Chris Kreider is on the verge of history.
The first player in 25 years to win an NCAA title and make his NHL debut in the playoffs in the same year (the other: Tony Hrkac, for North Dakota and St. Louis in 1987), Kreider’s now in line for another first.
More, from Jeff Z. Klein of the New York Times:
With his goal in Game 1 Monday, the Rangers rookie Chris Kreider tied an NHL record for most playoff goals scored in a single postseason by a player who has not yet skated in a regular-season game.
Kreider’s goal, which gave the Rangers a 2-0 lead in their 3-0 victory over the Devils, was his third of the playoffs. That tied him atop this peculiar category with Ray Cote of the 1983 Edmonton Oilers and George McPhee of the 1983 Rangers – now the general manager of the Washington Capitals, whom Kreider scored a goal against in the second round.
Kreider was not aware of the distinction when asked about it Wednesday before Game 2 at the Garden.
“That’s kind of obscure,” he said. “I don’t have a lot of thoughts about it.”
If/when Kreider gets goal No. 4, he’ll break free of Cote and McPhee and join even more elite company. Only one other player — Eddie Mazur of the Montreal Canadiens — scored four goals before playing a regular season game.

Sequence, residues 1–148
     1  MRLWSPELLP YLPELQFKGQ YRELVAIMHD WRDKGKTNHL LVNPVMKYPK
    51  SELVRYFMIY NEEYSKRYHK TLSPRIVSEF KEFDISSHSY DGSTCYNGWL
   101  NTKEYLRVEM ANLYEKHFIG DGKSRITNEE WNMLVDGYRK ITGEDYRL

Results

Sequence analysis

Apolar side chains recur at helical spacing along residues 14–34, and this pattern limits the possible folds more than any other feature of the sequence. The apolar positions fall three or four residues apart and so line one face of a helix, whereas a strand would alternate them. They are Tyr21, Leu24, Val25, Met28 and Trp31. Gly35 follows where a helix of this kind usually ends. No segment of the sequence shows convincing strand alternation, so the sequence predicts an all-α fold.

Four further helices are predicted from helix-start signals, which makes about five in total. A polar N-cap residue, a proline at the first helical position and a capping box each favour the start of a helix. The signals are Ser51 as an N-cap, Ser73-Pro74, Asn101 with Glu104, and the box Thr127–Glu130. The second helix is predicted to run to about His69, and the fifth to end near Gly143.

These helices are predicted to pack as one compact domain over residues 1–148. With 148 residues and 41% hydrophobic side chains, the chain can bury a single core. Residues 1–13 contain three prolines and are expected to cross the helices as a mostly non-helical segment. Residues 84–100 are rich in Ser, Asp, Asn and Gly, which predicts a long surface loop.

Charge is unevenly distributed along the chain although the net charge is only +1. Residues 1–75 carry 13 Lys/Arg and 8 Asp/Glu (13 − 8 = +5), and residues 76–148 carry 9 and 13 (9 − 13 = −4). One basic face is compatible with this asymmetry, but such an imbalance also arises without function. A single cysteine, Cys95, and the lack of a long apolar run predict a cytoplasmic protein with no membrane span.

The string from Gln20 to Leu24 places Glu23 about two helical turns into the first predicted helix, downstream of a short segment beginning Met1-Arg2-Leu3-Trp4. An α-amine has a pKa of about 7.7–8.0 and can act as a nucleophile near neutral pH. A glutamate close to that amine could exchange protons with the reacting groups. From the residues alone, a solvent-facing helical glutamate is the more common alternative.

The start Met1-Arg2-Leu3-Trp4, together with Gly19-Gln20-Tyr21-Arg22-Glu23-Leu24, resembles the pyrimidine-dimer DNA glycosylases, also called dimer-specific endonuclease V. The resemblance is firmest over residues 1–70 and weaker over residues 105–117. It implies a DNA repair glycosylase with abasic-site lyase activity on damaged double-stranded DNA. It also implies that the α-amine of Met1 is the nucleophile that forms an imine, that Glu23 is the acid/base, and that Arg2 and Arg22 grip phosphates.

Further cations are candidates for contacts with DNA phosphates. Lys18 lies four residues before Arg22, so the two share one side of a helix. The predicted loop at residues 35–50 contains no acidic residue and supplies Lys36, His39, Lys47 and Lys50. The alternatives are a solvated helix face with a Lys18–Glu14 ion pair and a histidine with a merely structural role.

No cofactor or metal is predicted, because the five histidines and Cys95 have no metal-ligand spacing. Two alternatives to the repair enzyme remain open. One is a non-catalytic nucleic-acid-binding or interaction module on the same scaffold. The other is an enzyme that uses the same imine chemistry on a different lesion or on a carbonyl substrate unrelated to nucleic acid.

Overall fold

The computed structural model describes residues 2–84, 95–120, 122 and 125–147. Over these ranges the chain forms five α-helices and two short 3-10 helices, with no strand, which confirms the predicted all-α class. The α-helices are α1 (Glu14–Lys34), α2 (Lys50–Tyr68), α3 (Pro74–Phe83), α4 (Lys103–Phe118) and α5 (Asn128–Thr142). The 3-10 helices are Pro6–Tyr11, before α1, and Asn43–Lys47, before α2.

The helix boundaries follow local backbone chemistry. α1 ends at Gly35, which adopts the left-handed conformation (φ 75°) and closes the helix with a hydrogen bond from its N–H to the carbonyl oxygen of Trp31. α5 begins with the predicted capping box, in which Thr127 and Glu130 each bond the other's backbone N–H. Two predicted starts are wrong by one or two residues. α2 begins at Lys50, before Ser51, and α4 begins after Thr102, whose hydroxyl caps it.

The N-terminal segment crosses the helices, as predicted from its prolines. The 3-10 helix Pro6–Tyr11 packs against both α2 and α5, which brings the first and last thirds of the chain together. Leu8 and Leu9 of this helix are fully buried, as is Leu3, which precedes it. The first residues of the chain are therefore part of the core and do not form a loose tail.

The big difference, of course, is that Mazur’s four goals came over the span of three postseasons (1951-53) whereas Kreider’s would come in a single postseason.
This hasn’t been the best night for St. Louis sports fans.
Obviously, the MLB’s Cardinals getting bounced from the playoffs is a bigger deal, but the Blues face bad news, too.
While they’re currently leading the Calgary Flames by a score of 4-3, they’ll need to hang on without Kevin Shattenkirk, whose night is over thanks to a lower-body injury.
There’s no word yet on how severe the issue might be.
Naturally, the Blues must hope that it’s minor, as Shattenkirk is one of the NHL’s truly underrated assets on the blueline.
Stephanie (@MyRegularFace) tracked down a moment when the injury may have happened:
It’s not all rosy for the Flames, either, as Lance Bouma suffered an injury as well.
In some ways, it really felt like their first-round series.
For all the talent on both ends of the rink with the Detroit Red Wings and Tampa Bay Lightning, each squad can really smother opponents defensively when things go that way.
Through two periods, the two teams were very quiet. Things really picked up when Justin Abdelkader unleashed a big hit, a moment that injected enough life into the proceedings for the Red Wings to eventually build a 3-1 win.
Maybe they’re slipping under the radar a bit compared to previous iterations of the team, but it’s interesting that the Red Wings are now undefeated in three games.
They’ve been impressive at times, too, outscoring opponents by a combined score of 11-4.
Call it a refreshing time after Mike Babcock or merely carryover from a subtly solid run last season, but either way, the Red Wings may just be able to keep up their end of a brewing rivalry.